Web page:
Heroes come in all forms and shapes, and a retired cleaner fits the bill for some Mei Ling Street residents.
With the little that he has, topped up with small donations from friends, Mr Zulkifli Atnawi, 60, helps with the grocery run for several neighbours amid the enhanced circuit breaker measures, which kicked in on Tuesday.
That is not all. Sticking strictly to safe distancing measures, he visits residents in Block 156, where he lives, and Block 155.
He does this to reassure and update them with the latest in the fight to stem coronavirus infections.
"We cannot hang out and talk, so we talk through the windows instead," said Mr Zulkifli, who in 2010 lost his job as a technician and then became a cleaner.
He is among a number of Singaporeans who have stepped forward to help others in these tough times.
Under the measures imposed by the Government, residents can go out only to buy essentials and takeaway food, or exercise in open spaces until May 4.
The neighbourhood has a large number of one-and two-room rental flats.
Mr Zulkifli lives in a two-room rental flat with his four children.
He has gone door to door with a clipboard to compile a list of food supplies that people need.
Sometimes these residents may be short on cash. "I have no money and I'm also not working, but I'm willing to do this because I want to help people, especially the elderly and those families with a lot of children... What I can help, I'll help," said Mr Zulkifli, who stopped working at 53 because of a recurrent skin problem.
Mr Zulkifli and his grown-up children are currently helping 17 neighbours, ordering supplies like cooking oil, rice, bread, coffee and peanut butter, before dropping the items off at their homes. His children have also helped to raise funds for the items through their own network of friends, many of whom are active volunteers in youth groups.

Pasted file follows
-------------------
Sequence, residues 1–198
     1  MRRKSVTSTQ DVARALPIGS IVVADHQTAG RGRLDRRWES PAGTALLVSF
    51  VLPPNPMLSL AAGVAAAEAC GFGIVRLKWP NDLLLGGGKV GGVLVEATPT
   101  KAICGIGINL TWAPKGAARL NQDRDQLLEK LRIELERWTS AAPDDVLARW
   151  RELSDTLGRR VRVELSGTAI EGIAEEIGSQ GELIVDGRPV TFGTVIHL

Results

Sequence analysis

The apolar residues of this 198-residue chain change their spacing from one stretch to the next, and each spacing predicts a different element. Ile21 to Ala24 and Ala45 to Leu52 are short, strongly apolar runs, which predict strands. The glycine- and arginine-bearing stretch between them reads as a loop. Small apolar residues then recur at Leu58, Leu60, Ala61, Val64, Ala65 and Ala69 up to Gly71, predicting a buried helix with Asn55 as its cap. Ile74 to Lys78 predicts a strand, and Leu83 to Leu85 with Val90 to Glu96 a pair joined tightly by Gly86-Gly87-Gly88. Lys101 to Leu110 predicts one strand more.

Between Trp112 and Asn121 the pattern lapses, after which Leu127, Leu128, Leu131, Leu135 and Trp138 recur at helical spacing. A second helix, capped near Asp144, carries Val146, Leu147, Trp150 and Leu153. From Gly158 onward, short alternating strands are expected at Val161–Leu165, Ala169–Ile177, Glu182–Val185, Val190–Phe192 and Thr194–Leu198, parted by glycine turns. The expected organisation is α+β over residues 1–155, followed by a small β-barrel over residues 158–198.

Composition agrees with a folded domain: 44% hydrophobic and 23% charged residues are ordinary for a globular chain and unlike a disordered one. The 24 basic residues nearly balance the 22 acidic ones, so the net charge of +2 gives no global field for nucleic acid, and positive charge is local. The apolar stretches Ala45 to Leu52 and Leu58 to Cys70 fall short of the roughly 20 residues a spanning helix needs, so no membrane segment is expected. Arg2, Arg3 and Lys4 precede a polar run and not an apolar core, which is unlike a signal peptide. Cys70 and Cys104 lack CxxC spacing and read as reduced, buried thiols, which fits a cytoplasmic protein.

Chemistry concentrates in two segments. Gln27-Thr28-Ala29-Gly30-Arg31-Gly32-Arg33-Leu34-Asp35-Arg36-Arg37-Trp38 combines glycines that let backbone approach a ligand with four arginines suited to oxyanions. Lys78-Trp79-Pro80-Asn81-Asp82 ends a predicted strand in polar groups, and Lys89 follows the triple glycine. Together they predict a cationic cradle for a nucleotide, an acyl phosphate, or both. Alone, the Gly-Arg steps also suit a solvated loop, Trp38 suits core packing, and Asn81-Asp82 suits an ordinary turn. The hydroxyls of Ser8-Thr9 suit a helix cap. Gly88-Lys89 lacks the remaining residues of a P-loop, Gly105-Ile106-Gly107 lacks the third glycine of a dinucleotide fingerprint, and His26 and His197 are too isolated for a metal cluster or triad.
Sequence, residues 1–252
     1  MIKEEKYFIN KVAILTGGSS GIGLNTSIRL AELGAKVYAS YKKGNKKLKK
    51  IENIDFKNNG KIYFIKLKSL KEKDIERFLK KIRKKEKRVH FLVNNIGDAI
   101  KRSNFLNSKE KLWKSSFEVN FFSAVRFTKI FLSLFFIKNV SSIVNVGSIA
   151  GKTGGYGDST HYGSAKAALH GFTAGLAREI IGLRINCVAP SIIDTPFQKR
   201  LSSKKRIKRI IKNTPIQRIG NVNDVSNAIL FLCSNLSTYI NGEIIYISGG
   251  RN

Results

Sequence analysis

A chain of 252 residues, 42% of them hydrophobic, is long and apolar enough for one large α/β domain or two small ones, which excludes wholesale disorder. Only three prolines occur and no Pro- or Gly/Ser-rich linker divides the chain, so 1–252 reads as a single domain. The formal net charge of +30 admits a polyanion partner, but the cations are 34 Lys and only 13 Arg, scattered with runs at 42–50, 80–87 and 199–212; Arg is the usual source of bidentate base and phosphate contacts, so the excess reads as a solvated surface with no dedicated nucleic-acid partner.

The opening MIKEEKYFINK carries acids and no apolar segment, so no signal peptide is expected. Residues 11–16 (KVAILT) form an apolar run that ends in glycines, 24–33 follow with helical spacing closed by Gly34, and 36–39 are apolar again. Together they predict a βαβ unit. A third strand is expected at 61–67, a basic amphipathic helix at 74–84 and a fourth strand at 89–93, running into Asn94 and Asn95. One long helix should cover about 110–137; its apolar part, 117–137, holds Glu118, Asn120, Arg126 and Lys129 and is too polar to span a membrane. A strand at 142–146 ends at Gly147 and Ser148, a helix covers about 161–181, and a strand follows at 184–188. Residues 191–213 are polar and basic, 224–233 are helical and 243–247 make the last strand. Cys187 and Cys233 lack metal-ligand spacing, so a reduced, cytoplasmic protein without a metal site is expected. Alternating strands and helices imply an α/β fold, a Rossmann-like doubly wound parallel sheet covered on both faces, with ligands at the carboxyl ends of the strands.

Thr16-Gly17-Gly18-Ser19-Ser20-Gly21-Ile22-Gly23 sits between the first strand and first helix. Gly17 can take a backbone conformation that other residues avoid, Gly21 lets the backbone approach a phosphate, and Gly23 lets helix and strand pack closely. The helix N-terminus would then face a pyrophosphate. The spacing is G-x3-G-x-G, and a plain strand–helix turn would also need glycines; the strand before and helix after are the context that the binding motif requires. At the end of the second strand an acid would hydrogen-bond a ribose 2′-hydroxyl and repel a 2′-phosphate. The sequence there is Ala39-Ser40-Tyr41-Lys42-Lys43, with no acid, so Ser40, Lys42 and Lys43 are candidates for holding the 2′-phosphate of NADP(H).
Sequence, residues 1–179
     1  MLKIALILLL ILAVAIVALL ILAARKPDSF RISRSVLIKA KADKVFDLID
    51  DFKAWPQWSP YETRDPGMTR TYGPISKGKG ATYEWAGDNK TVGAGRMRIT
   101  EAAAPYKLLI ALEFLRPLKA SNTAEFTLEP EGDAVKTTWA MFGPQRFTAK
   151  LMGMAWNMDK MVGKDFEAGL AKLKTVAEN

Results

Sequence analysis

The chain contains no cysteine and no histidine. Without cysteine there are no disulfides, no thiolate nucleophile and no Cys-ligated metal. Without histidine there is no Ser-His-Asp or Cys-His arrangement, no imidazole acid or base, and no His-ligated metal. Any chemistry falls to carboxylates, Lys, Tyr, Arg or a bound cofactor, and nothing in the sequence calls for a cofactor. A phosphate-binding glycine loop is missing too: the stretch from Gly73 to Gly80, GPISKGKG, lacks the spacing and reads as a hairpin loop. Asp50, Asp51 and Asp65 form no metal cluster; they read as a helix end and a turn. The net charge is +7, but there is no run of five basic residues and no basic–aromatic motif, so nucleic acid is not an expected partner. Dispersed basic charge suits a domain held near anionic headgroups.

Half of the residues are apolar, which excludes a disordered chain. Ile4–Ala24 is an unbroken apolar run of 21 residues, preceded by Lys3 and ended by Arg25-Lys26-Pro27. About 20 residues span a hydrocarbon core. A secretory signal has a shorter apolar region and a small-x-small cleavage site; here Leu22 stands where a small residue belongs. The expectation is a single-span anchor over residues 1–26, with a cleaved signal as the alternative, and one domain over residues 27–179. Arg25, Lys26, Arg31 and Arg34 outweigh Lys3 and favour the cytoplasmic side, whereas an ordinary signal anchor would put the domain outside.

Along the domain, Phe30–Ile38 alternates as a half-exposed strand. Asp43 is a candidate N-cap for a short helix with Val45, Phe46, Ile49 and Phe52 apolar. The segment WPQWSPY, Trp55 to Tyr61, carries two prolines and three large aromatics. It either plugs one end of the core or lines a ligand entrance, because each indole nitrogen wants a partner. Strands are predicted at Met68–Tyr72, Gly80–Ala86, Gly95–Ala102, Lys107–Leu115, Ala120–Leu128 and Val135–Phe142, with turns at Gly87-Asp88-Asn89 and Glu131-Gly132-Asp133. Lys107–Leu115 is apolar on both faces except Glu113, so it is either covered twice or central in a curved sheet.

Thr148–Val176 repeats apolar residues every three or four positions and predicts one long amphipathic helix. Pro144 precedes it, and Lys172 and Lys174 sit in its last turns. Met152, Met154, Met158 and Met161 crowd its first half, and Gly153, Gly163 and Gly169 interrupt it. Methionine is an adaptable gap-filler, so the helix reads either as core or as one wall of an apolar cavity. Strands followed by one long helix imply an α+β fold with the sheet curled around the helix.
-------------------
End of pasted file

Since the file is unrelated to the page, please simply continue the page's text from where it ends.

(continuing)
He takes precautions like standing at least 1m away from residents while talking to them, and leaves items at the door.
He and his grown-up children are currently helping 17 neighbours, ordering supplies like cooking oil, rice, bread, coffee and peanut butter, before dropping the items off at their homes.
His children have also helped to raise funds for the items through their own network of friends, many of whom are active volunteers in youth groups.
His daughter, Ms Zulayqha Zulkifli, 25, is a social work associate and recipient of The Straits Times Generation Grit 2018 award.
The family was homeless at one point, but that did not deter Ms Zulayqha from securing scholarships. She now works with a family service centre.
The family was left without a home because Mr Zulkifli had to sell his flat after a divorce.
Despite the hardships, his children have done well. A son, 27, is studying for a master's degree under a scholarship. Mr Zulkifli also has another son, 23, working as a pastry chef and another daughter, 24, working as a student care associate.
Now, he is focusing on his neighbours. He helps by providing them with information, such as the location of the nearest social service office, as well as instructions on applying for the Temporary Relief Fund to tide them over.
Mr Zulkifli gets his children to help with filling up application forms for financial assistance in English.
Ms Zulayqha said she was proud of her father who knew what the neighbours needed. "As much as we want to help others, we must also know what it is they require and not just give because we want to give," she said.
Said Mr Zulkifli: "I hope that people in other areas will also come out to help their neighbours."